Left behind: Poverty’s toll on the children of Puerto Rico
While news reports of Puerto Rico’s economic crisis describe the role of “bonds”, “taxes,” and strategies for “reinvigoration,” they fail to mention the tragic impact this situation is having on the children and families of Puerto Rico. This small island has a much higher poverty rate than any of the 50 U.S. states. In 2014, the U.S. Census estimated that 58 percent of Puerto Rico’s children live below the federal poverty level—much higher than the overall rate of 22 percent of children living below the poverty line throughout the United States. Puerto Rico’s poverty rate is startlingly higher than that of any U.S. state. New Mexico had the highest rate among the states, with 29.5 percent of its children living below the federal poverty level.
As someone who was born and raised in Puerto Rico and is acutely aware of the poverty on the island, I understand that Puerto Rico’s economic crisis is also a child poverty crisis. Ultimately, how Puerto Rico addresses the dire financial situation will impact the lives and future of the children on the island. It will also have implications for the larger United States, as Puerto Rican children represent the second largest group of U.S. Latinos.
Impact of the Recession on Puerto Rico
The island faces a multitude of challenges. Public debt has increased every year since 2000. The 2007 recession only made matters worse for the island’s economy. To pay back the debt, Puerto Rico has delayed tax refunds and payments to suppliers, cut back on health care and public transportation services, eliminated nearly 25,000 public-sector jobs- about one-eighth of the government workforce- closed 100 out of its 1,387 schools, increased the sales tax by more than 50 percent, and required community credit unions to give loans to the government in exchange for IOUs. Despite these steps, the three major ratings agencies downgraded Puerto Rico’s debt to junk status in 2014, citing its long history of economic weakness. Today, the unemployment rate is 11.9 percent – more than double the national average in the U.S.
Effects of the economic crisis can be seen in the efforts to fight the Zika virus – thousands of workers needed to fight this epidemic have been laid off. Intensive efforts to stop the virus have started on the island.
Trapped in an economic downward spiral, the tax base has eroded amid massive out-migration to the U.S. mainland. U.S. Census Bureau data show that 144,000 more people migrated to the mainland than those who moved to Puerto Rico from the mainland between mid-2010 to 2013. All in all, about 28 percent of all people born on Puerto Rico now live on the mainland. For the first time in its history as a U.S. territory, the island is experiencing a sustained population decline. In 2010, there were about 3.7 million people living in Puerto Rico, down from 3.8 million in 2000. The Census Bureau projects that if the decline in population continues, by 2050 there will be only about 3 million people living in Puerto Rico—representing a population decrease of 800,000 in the first half of the 21st Century.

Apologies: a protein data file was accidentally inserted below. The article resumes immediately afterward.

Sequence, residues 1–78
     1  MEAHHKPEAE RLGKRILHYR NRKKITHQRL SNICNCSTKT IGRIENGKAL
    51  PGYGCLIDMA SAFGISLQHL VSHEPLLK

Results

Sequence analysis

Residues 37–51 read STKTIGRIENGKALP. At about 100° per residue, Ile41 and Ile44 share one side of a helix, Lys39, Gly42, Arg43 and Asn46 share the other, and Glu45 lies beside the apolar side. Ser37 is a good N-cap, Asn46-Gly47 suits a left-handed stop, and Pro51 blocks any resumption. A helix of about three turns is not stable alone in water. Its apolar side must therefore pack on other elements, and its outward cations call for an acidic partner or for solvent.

Effect on children and families
The disadvantages associated with child poverty can affect children throughout the lifespan. It is well documented that children who experience poverty are at a higher risk for many negative outcomes: poor health, lower school performance, delinquent behavior, unemployment, and dependence on public assistance. Prolonged economic hardship can act as a form of chronic stress, jeopardizing children’s brain development and contributing to their susceptibility to disease.
Children in Puerto Rico are not faring well compared with other U.S. Hispanics; Puerto Ricans overall are somewhat worse off than other U.S. Hispanics on several indicators of well-being. They have lower median household incomes and a lower homeownership rate, and are more likely to be poor. Between 2011 and 2013, 44 percent of children ages three to four were not attending preschool, and between 2011 and 2012, 38 percent of high school students in Puerto Rico did not graduate on time. In 2014, 54 percent of children’s parents lacked a secure source of employment. In 2012, Puerto Rican government statistics indicate 640,000 families on the island received SNAP benefits (food stamps); that is almost the same number of assisted households as in Pennsylvania, which has a population over three times as large as the island.
What Can be Done?
As both the U.S. and Puerto Rico work to resolve the economic crisis on the island, it is important that we focus on the implications of this crisis for children. We need to identify evidenced- based policies that will pave the way for the healthy development of the more than 700,000 Puerto Rican children in their journey to adulthood. Among policies to consider are programs that increase access to quality early childhood care and education, and establishing integrated student services on the island. Quality early childhood education programs can have positive effects on children’s cognitive, language, and social development; this is especially true for children at risk for poor outcomes. Integrated student services, which offer an array of wraparound services such as health care, mental health, and mentoring, as well as academic support, have been shown to decrease dropout rates and absenteeism and increase math scores and grade point average.
There are many available resources that provide information on programs that work. We cannot just sit on the sidelines and watch the prospects for the healthy development of so many Puerto Rican children continue to deteriorate.